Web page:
all i ask is that before people go to Amazon, they go to eBay and look at seller feature_comics. i got a Final Crisis TPB Set for $55, which included the Hardcover. also, InStockTrades is another seller where i get a huge discount. i doubt these sellers make much of a profit but it helps them stay in the sales. And, it’d be nice if DC/Warner and Siegel & Shuster’s family could find a happy medium. Superman belongs to the world now, not to either of them- but the family should still be taken care of.

two things: “It IS the price increase that will contribute to significantly declining sales, reduced selections, and a reduction of interest in our common interest of comics”

Secondly, nearly all of us who work for companies know that we relinquish all rights to our work as part of the situation. The Siegels have no moral interest in this money-grab, and the creator is long gone. I’m sick of their attempts to blackmail DC for what DC legitimately owns. They are only self-interested, and their continual pursuit of money from DC is disturbing and immoral. They should stop paying lawyers and go on with their lives (but the almighty dollar is telling them otherwise).

Yeah,Idon’t get the lawyers comments either. It’s the Siegels that keep suing DC, not the other way round. If I was DC I’d fight any law suit brought against me for property I legally bought (whether or not Siegel and Schuster got screwed is beside the point, at the end of the day they sold Superman to DC).

DC genuinely keep seeming to accept the court’s decision every time, and who wants to pay out money they don’t or shouldn’t have to?

If any of the rest of us created an entire industry off the launching of one character, we’d get whatever we could after the better part of a century of receiving far less than a fraction of a percent of all the revenue that Superman alone directly generates.

I want the Siegel & Shuster estates to get something but I can’t imagine the character going to another company. DC has built so much besides what started off strictly from the Siegel & Shuster template that the original version would be a novelty at best and, weird as it sounds, a feeble husk of what DC and it’s infinite line of creators have contributed to it over the years that the estates aren’t entitled to.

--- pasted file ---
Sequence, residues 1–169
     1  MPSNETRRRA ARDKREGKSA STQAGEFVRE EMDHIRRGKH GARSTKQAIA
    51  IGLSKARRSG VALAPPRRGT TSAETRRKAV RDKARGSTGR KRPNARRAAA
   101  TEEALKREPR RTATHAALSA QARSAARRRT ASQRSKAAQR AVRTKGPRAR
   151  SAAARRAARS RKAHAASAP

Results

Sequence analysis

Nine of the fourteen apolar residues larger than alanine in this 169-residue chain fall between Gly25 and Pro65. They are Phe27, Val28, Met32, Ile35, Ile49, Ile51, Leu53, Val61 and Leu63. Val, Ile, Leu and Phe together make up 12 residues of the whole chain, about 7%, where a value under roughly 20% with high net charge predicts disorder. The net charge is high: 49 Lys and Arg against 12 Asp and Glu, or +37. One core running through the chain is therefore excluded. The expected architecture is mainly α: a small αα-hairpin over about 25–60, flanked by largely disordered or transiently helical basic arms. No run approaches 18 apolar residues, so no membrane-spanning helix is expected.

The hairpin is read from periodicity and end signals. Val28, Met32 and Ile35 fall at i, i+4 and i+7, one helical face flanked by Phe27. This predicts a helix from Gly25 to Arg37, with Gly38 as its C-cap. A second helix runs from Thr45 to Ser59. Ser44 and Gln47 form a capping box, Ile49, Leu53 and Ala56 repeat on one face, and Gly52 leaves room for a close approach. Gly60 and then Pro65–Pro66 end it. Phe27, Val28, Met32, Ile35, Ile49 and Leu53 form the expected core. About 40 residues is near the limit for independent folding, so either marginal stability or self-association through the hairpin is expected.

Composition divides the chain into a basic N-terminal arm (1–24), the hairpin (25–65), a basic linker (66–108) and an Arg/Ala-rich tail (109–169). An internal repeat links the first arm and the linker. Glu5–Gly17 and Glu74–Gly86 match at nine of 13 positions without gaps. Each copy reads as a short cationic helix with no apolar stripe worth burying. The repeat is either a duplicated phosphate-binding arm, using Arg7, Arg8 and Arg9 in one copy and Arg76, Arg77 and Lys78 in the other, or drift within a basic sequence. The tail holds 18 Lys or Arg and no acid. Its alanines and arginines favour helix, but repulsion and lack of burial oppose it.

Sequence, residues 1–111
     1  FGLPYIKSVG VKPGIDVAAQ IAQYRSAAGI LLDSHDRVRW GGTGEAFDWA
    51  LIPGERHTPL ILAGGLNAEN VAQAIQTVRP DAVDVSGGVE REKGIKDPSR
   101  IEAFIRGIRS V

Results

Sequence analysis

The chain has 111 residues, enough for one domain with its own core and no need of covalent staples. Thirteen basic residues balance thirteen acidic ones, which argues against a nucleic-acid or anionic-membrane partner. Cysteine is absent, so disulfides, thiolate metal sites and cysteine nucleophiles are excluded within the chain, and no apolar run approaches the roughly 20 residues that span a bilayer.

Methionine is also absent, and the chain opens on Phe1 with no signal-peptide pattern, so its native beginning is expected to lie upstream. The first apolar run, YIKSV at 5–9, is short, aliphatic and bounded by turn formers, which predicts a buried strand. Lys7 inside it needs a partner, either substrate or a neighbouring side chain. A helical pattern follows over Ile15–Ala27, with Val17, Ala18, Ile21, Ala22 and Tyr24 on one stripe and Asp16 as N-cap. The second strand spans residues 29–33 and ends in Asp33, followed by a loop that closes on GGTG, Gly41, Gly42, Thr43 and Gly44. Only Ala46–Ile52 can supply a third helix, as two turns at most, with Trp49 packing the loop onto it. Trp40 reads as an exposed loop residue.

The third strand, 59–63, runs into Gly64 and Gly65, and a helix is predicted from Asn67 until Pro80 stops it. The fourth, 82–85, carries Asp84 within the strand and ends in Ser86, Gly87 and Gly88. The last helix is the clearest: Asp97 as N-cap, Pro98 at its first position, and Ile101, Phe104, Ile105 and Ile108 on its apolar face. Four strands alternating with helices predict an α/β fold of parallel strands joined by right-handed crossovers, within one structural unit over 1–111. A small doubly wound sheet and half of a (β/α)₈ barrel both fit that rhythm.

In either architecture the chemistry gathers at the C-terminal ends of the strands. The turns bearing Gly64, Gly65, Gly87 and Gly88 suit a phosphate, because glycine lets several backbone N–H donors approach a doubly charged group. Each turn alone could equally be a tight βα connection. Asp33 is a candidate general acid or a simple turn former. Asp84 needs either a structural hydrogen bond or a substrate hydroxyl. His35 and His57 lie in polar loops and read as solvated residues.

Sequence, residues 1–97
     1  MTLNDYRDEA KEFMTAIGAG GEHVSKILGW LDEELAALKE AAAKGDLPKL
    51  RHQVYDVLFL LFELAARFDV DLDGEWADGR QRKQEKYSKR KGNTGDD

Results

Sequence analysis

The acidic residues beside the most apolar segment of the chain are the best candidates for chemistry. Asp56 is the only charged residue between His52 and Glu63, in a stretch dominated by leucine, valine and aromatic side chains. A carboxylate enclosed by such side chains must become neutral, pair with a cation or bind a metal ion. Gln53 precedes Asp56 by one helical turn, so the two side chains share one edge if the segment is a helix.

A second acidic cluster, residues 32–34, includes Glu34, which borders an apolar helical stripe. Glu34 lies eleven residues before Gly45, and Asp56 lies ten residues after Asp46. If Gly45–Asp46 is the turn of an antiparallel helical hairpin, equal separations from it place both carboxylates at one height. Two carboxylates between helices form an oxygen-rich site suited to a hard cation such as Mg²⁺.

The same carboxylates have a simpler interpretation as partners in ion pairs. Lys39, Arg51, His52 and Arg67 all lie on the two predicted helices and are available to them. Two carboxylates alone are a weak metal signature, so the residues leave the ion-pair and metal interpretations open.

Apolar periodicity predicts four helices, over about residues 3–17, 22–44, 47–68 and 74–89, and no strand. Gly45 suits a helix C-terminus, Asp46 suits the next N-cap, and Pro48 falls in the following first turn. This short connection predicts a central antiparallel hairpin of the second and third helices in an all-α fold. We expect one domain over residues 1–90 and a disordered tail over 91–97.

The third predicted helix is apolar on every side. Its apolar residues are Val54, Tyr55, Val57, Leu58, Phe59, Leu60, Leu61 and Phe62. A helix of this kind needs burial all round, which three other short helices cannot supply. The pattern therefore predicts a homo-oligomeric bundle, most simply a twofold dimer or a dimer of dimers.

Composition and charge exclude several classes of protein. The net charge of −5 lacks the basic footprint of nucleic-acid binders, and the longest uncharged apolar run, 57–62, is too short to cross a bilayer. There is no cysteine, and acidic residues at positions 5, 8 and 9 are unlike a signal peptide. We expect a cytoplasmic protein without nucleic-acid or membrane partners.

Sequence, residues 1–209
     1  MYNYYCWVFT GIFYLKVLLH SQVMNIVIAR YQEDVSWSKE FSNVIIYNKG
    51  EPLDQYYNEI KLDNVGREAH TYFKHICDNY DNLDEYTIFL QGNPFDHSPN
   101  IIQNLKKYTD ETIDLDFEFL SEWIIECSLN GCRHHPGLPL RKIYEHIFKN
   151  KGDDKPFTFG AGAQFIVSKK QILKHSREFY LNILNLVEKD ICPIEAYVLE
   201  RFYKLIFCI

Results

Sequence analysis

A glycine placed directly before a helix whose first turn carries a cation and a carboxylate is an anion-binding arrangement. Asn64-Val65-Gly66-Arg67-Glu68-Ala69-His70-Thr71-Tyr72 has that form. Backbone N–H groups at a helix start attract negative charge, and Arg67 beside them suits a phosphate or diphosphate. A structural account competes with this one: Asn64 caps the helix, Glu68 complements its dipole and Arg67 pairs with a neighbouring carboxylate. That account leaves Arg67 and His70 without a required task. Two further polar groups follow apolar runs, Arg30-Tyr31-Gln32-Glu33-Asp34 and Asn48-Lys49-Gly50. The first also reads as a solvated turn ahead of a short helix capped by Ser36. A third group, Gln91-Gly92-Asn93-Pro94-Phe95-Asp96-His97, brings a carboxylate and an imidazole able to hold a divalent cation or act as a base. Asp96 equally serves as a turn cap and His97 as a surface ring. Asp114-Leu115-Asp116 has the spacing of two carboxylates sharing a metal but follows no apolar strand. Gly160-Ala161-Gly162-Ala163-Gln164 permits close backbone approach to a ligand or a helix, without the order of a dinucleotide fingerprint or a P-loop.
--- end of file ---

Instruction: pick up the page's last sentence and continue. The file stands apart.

Superman and DC are inseparably bonded in my mind.

It’s not just higher prices that have made me cut back. it’s that combined with a stiff economy. Other expenses are bigger priorities.

Superman is called a property. There is a reason that metaphor is used to describe ideas, characters, concepts and the like. If I sell you my literal property (real estate/land) can I still claim rights to all the wealth you make off of the land after I’ve sold it? Let’s say I cleared the land and built a roadway on it, but after I sell it you build an apartment complex. Do I own that apartment complex? Do I have a claim to the rent you charge to tenants? No. Siegel and Shuster created a character. Others developed it for a corporate entity. That’s how America works. Unless you want to change 200 years of corporate law. DC has a right to the Superman franchise which they paid for initially and developed over half a century. Many successful characters of the past are simply not popular in the 21st Century. Who can claim credit for Superman’s ongoing success?

I’ve worked for several companies who have made more money off of my work than they’ve paid me for. But when I accepted the check, I accepted that the results of my work was no longer mine. It doesn’t matter if I birthed a new Industry and generated billions with that work. I agreed to be paid amount X to produce it for the people who wanted to pay me. If the sales sucked, I still got my check. If the sales were through the roof, i still got my check. That is the way it works. If you don’t agree with that, market,oversee and manufacture everything yourself and risk your own money to lose or gain more money.